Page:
World Bulletin/News Desk
Following a one-month hiatus, South Sudan's warring rivals on Thursday resumed peace talks in an attempt to resolve the poor African country's ongoing political conflict.
Delegates representing President Salva Kiir and rebel leader Riek Machar sat down together to hammer out a peace deal under the sponsorship of the Intergovernmental Authority on Development (IGAD), an East African regional grouping.
Thursday's meeting was chaired by IGAD special envoy Gen. Lazarus Sumbeiywo of Kenya.
Representatives of South Sudanese political parties, NGOs, former detainees and prominent personalities also attended the opening of the meeting, along with representatives of the African Union, the UN, the EU and the "Troika" (the U.S., U.K. and Norway).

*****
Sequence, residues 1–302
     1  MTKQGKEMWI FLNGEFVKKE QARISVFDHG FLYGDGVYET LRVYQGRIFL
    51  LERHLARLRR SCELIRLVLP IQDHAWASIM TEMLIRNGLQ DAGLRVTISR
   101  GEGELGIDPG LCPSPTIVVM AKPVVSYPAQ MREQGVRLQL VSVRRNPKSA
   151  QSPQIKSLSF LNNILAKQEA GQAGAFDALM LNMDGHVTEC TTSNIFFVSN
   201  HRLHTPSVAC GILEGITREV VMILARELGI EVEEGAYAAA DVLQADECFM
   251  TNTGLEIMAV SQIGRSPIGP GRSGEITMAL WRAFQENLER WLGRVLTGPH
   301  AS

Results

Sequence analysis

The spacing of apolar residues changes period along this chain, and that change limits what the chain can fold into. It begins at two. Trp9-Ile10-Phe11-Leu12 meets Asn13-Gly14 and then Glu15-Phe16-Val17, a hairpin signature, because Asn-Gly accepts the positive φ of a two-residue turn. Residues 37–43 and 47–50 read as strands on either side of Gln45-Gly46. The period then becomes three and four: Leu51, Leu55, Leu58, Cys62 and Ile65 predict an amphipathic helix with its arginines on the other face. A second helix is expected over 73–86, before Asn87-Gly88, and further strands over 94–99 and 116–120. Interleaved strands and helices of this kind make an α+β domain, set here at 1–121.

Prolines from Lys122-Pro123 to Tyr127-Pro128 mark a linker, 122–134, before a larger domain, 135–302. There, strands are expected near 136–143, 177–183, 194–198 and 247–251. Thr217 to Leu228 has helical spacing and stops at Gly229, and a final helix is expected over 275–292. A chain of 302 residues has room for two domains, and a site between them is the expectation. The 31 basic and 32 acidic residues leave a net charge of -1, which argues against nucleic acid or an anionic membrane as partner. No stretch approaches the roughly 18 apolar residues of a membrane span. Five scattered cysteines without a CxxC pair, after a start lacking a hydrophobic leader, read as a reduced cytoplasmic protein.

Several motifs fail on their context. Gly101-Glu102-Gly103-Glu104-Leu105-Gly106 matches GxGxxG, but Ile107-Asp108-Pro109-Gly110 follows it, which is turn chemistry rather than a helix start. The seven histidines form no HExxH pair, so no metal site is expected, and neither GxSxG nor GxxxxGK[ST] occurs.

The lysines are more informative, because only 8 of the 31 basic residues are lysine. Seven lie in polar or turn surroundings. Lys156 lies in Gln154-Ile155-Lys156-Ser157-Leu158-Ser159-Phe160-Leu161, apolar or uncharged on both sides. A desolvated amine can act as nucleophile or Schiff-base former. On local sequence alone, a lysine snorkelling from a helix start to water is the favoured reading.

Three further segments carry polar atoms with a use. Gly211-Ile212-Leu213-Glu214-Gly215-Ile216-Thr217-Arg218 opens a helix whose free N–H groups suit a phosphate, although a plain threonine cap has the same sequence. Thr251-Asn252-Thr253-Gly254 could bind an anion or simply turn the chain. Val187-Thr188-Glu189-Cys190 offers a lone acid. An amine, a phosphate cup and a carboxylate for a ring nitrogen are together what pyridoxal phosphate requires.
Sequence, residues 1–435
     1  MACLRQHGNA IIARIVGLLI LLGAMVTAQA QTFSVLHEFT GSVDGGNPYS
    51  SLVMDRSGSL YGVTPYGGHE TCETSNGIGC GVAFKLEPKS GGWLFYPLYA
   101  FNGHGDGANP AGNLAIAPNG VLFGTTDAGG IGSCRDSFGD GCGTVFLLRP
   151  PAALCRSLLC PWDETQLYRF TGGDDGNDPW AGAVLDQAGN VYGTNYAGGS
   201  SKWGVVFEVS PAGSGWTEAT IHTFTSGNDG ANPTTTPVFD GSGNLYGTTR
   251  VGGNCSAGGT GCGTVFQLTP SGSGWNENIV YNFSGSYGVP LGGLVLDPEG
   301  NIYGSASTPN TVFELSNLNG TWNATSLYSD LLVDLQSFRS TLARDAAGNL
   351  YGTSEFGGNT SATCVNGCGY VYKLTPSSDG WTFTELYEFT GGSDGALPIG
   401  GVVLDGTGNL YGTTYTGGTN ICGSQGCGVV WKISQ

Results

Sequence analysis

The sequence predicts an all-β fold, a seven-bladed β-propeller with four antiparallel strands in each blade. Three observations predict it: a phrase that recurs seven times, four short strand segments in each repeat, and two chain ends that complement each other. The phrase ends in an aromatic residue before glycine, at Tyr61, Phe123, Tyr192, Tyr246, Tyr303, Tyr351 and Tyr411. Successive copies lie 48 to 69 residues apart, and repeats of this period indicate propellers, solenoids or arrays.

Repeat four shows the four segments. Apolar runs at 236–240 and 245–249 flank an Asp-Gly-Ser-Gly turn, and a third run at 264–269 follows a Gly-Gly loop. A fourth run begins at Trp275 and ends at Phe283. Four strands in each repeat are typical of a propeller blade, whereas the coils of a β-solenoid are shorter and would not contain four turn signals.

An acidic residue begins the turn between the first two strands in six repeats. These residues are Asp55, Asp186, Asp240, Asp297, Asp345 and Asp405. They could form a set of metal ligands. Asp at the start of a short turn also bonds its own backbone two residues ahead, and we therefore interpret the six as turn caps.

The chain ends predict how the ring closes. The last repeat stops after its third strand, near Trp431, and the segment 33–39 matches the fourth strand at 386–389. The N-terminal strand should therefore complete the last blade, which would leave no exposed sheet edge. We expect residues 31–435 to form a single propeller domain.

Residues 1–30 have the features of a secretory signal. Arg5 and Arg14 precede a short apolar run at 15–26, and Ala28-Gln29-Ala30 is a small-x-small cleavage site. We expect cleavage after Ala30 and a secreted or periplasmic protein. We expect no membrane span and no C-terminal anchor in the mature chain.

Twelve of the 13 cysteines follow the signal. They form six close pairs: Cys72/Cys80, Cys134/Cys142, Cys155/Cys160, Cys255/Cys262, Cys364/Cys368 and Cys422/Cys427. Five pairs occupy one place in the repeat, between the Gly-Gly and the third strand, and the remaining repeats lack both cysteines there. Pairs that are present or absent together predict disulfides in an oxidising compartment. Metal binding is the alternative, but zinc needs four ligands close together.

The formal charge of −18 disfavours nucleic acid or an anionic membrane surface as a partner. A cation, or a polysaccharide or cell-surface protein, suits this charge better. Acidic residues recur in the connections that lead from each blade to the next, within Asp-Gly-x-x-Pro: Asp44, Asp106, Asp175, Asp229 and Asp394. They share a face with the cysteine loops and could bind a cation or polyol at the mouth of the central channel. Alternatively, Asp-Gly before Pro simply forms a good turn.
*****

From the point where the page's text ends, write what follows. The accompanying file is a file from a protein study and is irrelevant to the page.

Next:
Gen. Sumbeiywo said that a recent cessation-of-hostilities agreement had been violated when the talks were in recess.
"Such actions are completely unacceptable," he asserted, going on to urge the two antagonists to resolve the conflict through dialogue.
"It is vital that you give peace a chance," he told delegates.
IGAD Security Director Tewolde Gebremeskel, for his part, said peace talks were at a "critical juncture."
"The danger of famine looms large; about a million people are at risk," he said, calling on negotiators to find a solution before Christmas.
South Sudan descended into chaos one year ago following a power struggle within the ruling Sudan People's Liberation Movement.
On December 15 of last year, full-blown conflict erupted, which Kiir was quick to portray as a coup attempt by Machar, his sacked vice-president.
In the one year since, the conflict has claimed tens of thousands of lives, displaced nearly two million people and left about four million people at risk of food insecurity, according to humanitarian agencies.
Güncelleme Tarihi: 18 Aralık 2014, 14:01